Tuesday, 5 July 2011

Duke Nukem, and Girls in Gaming

 This article can also be found at The Yorker.
Duke Nukem Forever is a problematic game. Not just in how after 12 years of haphazard development it feels unfinished, or how the game has been critically slammed by both critics and consumers; but in how it's humour relies on parody - but reads as impossibly misogynistic.
For those not aware of the premise, Duke Nukem Forever is based around the titular Duke Nukem living off his acclaimed fame from his previous game. Anyone and everyone adores him - especially the ladies - regardless of how he treats them. Then the alien antagonists from the previous game return to kidnap the women of Earth to use as vessels for creepy alien babies.

It's been reasoned that Duke's persona of 'impossibly well-liked asshole' is a knowing prod at musclehead protagonists of the 90s. But as far as I can recall, none of them were defined by just how excessively they could objectify women. This comes to a disturbing zenith on the alien mothership stage (Warning: Video is rather explicit). The area is littered with naked women being ensnared by phalic-looking tentacles and writhing in pain. Duke can't free them, but the player is free to shoot them to put them out of their misery, backed up with one of Duke's one-liners. And that's the joke. The joke is rape. Are you laughing yet?

So where do we go from here? The presence of this in Duke Nukem Forever is surprisingly downplayed in much of the game's coverage, but I sincerely hope that the general public and other games developers who witness such a poor sentiment have the common sense to acknowledge that this kind of thing is not okay. Duke Nukem Forever's stunning failure at starring an identifiable or likeable character can hopefully be a lesson to other games that might go down the same route. It's entirely possible to have a protagonist that's a musclehead or a ladykiller and still entertaining. Bulletstorm manages it. Hell, even Johnny Bravo managed it.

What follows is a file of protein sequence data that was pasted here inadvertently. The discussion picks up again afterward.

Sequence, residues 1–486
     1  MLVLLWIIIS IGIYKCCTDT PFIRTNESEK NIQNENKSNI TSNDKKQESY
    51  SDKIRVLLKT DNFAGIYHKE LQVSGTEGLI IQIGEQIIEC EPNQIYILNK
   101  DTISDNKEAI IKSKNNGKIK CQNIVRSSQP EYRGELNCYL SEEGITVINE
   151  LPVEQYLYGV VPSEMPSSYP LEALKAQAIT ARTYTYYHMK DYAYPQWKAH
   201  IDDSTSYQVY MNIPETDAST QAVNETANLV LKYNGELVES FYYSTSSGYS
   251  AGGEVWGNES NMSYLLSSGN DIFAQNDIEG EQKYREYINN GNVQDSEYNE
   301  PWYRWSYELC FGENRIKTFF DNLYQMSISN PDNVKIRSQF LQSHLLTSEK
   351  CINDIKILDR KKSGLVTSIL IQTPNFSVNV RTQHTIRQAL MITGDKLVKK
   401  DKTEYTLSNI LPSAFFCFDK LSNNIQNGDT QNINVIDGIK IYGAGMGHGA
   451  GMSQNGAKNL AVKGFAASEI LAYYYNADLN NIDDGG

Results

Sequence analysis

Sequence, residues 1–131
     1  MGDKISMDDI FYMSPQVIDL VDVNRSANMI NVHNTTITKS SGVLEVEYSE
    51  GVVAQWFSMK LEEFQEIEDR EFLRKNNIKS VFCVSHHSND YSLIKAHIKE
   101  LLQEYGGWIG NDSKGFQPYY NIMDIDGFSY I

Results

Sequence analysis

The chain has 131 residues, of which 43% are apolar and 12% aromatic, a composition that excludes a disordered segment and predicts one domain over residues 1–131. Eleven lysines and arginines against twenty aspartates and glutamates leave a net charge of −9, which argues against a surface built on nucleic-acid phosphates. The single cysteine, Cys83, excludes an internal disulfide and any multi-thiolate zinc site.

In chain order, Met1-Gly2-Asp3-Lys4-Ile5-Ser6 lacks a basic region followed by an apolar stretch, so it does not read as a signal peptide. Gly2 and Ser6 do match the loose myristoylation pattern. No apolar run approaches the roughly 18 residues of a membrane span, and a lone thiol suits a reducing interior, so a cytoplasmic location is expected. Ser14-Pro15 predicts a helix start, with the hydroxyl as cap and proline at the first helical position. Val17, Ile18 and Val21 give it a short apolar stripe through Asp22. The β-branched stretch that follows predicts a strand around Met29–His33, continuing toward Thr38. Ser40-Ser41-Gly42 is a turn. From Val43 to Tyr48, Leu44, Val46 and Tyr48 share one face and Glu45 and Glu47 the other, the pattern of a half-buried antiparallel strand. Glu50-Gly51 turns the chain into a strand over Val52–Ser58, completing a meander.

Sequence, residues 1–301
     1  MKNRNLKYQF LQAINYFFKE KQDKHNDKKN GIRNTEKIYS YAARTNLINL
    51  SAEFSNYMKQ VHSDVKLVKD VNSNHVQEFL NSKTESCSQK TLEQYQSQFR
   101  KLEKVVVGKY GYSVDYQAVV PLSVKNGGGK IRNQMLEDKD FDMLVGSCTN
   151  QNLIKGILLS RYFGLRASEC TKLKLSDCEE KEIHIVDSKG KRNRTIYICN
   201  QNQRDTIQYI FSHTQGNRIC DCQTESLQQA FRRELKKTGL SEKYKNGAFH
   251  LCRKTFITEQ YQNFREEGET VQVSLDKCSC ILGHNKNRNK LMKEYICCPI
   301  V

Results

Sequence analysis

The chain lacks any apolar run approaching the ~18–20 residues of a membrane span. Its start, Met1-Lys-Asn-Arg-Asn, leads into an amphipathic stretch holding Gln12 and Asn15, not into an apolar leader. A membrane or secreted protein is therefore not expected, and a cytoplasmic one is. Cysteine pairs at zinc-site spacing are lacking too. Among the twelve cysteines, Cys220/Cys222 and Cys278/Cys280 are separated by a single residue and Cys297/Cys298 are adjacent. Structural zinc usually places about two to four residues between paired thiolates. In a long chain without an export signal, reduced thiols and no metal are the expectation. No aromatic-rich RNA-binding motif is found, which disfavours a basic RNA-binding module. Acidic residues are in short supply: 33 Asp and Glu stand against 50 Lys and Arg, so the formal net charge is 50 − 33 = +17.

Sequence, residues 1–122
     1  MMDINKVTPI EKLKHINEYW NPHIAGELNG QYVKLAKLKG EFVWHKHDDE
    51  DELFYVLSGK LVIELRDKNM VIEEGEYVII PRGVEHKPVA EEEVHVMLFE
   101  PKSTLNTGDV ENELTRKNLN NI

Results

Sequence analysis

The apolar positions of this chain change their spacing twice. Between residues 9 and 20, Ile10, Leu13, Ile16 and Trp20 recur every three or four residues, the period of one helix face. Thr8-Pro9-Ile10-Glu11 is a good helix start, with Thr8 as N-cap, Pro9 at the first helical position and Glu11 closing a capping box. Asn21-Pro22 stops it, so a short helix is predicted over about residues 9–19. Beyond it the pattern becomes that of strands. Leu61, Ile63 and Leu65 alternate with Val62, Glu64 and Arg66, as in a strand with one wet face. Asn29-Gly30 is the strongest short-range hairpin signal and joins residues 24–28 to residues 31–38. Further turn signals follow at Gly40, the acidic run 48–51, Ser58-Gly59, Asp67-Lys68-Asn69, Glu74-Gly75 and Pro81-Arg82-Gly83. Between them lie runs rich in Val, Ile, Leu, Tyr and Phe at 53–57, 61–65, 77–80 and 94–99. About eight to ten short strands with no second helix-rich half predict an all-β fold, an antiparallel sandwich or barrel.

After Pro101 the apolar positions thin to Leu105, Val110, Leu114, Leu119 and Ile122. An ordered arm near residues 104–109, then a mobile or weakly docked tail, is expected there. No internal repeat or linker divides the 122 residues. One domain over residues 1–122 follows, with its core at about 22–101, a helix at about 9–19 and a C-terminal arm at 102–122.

Furthermore, with new games featuring legitimately well-rounded female protagonists, managing to get by on marginally less titilation is a pleasant thought. Lara Croft in Tomb Raider had her franchise form around her figure, but the new Tomb Raider title announced at this year's E3 focuses more on her adventuring competence. Hopefully that will stay a consistent theme throughout.

Jade from Beyond Good and Evil is an even better example; her work as a journalist and a freedom fighter against the opressive regime of the Alpha Section means the other characters respect and fight alongside her - her gender not mattering. Aside from that, the game is wonderfully crafted, despite its age. A HD release of the game is available for Xbox Live Arcade, and is a great exercise in how character development and interaction can be handled.

Games like Bayonetta straddle the line between empowering and and worrying. As a character, Bayonetta felt like she had freedom through her fighting ability and some surprisingly human interaction when things got rough; but the game's creator said some rather worrying things that soured the image I had for her. It's a shame, since the quality of the game is incredibly on-point otherwise, and delivering positive messages through quality games is by far the ideal situation.

Games as an artistic medium feel way too immature to handle concepts like sex, let alone character design equality based around gender. But the industry is still growing and changing - maybe in the future the Duke Nukem Forevers of the world will be a marginalised historical footnote.

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